MACHINE LEARNING

Explaining and Harnessing Adversarial Examples

Resource type
Authors/contributors
Title
Explaining and Harnessing Adversarial Examples
Abstract
Several machine learning models, including neural networks, consistently misclassify adversarial examples---inputs formed by applying small but intentionally worst-case perturbations to examples from the dataset, such that the perturbed input results in the model outputting an incorrect answer with high confidence. Early attempts at explaining this phenomenon focused on nonlinearity and overfitting. We argue instead that the primary cause of neural networks' vulnerability to adversarial perturbation is their linear nature. This explanation is supported by new quantitative results while giving the first explanation of the most intriguing fact about them: their generalization across architectures and training sets. Moreover, this view yields a simple and fast method of generating adversarial examples. Using this approach to provide examples for adversarial training, we reduce the test set error of a maxout network on the MNIST dataset.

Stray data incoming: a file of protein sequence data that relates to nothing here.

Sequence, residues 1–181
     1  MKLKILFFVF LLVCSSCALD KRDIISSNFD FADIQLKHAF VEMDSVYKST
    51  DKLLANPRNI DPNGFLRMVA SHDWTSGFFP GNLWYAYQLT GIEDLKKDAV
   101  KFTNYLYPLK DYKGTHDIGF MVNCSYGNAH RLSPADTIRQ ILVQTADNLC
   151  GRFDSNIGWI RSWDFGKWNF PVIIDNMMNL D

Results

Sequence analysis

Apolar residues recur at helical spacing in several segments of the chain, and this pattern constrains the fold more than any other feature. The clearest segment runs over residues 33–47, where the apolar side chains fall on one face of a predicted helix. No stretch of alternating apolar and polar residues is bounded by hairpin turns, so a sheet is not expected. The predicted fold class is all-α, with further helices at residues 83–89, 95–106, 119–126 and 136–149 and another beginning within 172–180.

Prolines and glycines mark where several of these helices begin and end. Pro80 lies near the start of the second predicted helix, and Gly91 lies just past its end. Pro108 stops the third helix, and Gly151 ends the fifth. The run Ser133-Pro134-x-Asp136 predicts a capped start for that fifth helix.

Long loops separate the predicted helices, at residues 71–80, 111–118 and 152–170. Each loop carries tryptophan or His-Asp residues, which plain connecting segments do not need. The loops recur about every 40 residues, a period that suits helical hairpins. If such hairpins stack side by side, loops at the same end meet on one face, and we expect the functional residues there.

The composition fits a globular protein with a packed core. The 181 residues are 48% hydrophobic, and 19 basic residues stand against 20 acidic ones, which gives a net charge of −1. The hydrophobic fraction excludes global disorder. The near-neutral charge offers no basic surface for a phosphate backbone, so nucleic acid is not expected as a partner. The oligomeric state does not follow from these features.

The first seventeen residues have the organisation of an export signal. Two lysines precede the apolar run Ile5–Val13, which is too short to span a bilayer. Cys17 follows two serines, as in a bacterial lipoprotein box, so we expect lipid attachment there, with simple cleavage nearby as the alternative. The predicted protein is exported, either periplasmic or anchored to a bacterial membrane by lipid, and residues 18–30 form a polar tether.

Publication
arXiv:1412.6572 [cs, stat]
Date
2015-03-20
Accessed
2019-11-23T14:10:23Z
Library Catalog
Extra
ZSCC: 0000015 arXiv: 1412.6572
Citation
Goodfellow, I. J., Shlens, J., & Szegedy, C. (2015). Explaining and Harnessing Adversarial Examples. ArXiv:1412.6572 [Cs, Stat]. Retrieved from http://arxiv.org/abs/1412.6572
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